Paula Gerstenblatt

A Day In The Life: A Case Study Of A Veterinary Emergency and Specialty Hospital

A Talk by Paula Gerstenblatt PhD (Associate Professor of Social Work, University of Southern Maine)

About this Talk

The unique relationship between people and pets is referred to as the human animal bond (HAB), with people identifying pets as members of the family (Risley-Curtiss, 2010; Maharaj, Kazanjian, Borgen, 2018; Maharaj, Kazanjian & Haney, 2016). Although evidence for a causal association between human well-being and companion animals is not exhaustive or conclusive, there is evidence that matches the folk wisdom that pets are good for people (Wells, 2009). Exploration of the HAB is the foundation of this descriptive case study of a busy multi-disciplinary veterinary practice from a social work perspective. This study elucidates understanding of HAB through participant experiences of loss and grief, love of animals, professional and personal dedication, and compassion fatigue within both professions.

Compassion fatigue is the result of secondary trauma and burnout (Thieleman & Cacciatore, 2014). Veterinarians provide ongoing care for pets, often the entirety of a pet’s life, which gives them the opportunity to form bonds with the pets and their families (Hanrahan, Sabo, & Robb, 2018). The job challenges of veterinarians have contributed to a disproportionately high suicide rate (CDC, 2019). Contributing factors include student debt, daily responsibilities of euthanizing pets, supporting pet owners, and being vilified for not meeting sometimes unrealistic expectations. While advances in medical care for pets improve and extend life, cost is high and many people are not able to pay, putting providers in hart wrenching situations. Recognition of compassion fatigue and support for veterinary providers has increased; however, it still falls short in proportion to the need.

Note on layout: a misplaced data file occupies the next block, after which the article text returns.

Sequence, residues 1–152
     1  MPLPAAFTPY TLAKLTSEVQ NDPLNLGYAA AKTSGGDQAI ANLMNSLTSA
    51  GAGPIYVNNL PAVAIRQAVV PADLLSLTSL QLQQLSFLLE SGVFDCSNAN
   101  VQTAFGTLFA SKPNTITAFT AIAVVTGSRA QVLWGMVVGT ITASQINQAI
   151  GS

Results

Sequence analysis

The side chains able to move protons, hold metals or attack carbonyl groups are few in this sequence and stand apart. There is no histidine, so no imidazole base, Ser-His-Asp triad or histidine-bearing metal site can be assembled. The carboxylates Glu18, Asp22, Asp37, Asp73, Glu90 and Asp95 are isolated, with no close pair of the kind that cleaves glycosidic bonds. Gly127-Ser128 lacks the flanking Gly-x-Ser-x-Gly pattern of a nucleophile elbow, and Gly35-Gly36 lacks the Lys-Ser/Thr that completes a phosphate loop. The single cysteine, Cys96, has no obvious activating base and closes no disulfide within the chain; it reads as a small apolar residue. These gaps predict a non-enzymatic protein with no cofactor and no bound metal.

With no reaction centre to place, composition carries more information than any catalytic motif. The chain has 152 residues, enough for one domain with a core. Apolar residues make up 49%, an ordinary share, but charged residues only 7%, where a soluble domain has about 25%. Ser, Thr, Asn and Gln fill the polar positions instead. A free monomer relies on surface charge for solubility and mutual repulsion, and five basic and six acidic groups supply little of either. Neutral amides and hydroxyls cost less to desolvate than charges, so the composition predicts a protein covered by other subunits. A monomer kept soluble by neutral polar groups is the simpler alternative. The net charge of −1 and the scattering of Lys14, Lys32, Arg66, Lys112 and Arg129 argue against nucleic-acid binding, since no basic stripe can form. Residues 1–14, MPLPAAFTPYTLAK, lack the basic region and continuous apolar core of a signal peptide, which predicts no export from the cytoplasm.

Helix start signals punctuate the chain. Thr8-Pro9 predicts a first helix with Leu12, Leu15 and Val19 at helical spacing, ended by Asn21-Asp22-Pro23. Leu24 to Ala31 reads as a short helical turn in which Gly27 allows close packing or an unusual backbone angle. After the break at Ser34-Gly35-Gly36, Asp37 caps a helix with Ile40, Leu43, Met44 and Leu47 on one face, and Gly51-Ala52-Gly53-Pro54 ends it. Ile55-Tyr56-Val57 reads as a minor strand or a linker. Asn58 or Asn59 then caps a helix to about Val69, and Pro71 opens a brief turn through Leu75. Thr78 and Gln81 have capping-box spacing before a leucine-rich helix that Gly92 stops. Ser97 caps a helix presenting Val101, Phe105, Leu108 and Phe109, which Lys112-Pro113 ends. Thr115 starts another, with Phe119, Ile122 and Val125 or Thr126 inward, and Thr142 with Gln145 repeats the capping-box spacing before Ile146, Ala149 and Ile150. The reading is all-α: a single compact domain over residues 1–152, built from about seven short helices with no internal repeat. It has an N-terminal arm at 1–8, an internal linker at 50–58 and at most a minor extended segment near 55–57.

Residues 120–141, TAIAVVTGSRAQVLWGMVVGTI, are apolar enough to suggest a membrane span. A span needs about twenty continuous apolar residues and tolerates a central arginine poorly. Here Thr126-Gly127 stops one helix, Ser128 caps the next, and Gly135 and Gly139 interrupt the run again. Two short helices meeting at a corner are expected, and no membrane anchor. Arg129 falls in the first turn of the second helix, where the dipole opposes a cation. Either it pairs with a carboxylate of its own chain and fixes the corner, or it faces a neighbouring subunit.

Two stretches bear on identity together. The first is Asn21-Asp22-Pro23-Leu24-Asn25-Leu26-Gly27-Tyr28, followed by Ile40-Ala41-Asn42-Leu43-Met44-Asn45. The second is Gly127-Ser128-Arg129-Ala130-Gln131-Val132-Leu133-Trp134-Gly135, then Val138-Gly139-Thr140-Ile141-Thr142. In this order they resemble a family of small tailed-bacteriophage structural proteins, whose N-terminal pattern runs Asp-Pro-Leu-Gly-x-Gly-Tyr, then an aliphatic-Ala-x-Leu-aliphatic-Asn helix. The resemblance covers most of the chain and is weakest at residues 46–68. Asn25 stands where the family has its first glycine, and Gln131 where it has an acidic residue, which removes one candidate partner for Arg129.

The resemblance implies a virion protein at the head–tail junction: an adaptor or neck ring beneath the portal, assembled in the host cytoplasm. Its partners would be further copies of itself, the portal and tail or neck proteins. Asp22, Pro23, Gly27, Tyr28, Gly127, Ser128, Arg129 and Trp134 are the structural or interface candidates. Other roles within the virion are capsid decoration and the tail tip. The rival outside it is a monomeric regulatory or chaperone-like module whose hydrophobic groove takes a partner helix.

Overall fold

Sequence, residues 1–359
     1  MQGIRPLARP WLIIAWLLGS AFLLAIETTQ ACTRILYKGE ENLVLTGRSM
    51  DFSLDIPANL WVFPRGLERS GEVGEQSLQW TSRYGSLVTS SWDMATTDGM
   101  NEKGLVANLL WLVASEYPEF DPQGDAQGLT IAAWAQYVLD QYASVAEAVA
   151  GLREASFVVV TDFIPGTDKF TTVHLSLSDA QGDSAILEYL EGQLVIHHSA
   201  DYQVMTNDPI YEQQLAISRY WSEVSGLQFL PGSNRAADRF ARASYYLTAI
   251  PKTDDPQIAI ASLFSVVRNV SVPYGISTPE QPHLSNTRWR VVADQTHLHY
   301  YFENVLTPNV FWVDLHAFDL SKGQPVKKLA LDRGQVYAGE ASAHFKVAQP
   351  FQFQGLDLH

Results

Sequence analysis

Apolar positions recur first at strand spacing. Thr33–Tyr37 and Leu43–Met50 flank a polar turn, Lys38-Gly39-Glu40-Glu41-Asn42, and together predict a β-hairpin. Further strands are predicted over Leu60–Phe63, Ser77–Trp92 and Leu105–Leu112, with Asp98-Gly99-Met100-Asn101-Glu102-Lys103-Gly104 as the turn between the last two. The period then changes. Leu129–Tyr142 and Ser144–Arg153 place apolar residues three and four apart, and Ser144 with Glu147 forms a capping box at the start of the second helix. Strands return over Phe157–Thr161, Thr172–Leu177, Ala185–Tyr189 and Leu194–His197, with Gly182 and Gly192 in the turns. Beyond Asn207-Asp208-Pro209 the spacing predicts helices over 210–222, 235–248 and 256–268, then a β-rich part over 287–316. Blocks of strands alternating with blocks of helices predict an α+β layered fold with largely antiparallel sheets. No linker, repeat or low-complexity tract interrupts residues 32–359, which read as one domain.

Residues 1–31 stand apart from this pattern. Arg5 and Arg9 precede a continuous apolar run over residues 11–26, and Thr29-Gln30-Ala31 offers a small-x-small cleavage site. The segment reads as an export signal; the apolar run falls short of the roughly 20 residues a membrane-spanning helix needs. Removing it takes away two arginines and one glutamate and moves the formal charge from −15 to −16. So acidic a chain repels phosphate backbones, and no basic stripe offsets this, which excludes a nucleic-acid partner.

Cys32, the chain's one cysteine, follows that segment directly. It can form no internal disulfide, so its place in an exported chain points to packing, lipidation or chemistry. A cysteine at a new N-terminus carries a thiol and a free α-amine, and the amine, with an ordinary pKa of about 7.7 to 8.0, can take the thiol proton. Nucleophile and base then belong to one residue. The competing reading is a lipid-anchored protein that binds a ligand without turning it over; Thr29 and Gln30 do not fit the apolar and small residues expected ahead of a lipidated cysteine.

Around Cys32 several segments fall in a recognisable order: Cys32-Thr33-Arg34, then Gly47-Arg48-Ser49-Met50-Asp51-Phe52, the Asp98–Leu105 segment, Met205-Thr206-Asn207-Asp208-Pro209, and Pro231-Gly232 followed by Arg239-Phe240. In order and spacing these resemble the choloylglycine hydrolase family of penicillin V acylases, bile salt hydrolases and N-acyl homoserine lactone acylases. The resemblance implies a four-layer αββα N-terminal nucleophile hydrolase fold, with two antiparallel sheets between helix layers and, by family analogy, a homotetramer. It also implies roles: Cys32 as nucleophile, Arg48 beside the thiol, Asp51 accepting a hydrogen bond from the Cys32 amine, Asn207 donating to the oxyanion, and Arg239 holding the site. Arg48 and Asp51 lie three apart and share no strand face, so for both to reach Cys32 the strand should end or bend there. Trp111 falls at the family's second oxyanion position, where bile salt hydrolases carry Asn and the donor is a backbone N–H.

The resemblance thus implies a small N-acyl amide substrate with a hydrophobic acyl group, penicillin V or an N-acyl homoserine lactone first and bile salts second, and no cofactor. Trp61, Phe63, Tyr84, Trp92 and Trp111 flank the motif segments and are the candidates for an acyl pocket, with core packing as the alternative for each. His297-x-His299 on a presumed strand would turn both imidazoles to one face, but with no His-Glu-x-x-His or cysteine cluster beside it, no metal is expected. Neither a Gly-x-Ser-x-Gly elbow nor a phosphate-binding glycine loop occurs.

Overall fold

Veterinary social workers relieve staff of moral distress and support clients and staff (Carrozza, 2018). Despite social workers in veterinary work environments since the early 1980s (Brackenridge & McPherson, 2016), exploration of the HAB in social work research and education has been slower going. In recent years notable gains have been made in veterinary social work courses, certificate programs, and research.

Researchers in this study interviewed fourteen staff members representing every clinic role and two clients. They observed the setting and reviewed documentation. Data analysis sorted information on how people began working with or living with animals, educational and work background, the routine of the workday, rewarding and challenging situations, and reflections on the profession. The sorted data was used to build the case narrative--a composite description/story of a day in the life of the practice. This process allowed for immersion in participant experiences. The veterinary practice provided a rich context with the co-location of emergency and specialty veterinary care, which include accidents, sudden or critical need, oncology, ophthalmology, acupuncture, and other specialty animal care. Researchers will present the case study and how the HAB can inform social work practice in and outside of veterinary settings.

Learning Objectives

1) Gain a deeper understanding of the significance of pets to human well-being;

2) Gain a deeper understanding of the relationship between social work and veterinary care; and

3) Identify roles social workers can play in and outside of veterinary settings.

October 08, 2020, 09:30 PM

09:30 PM - 10:30 PM

About The Speakers

Paula Gerstenblatt

Paula Gerstenblatt PhD

Associate Professor of Social Work, University of Southern Maine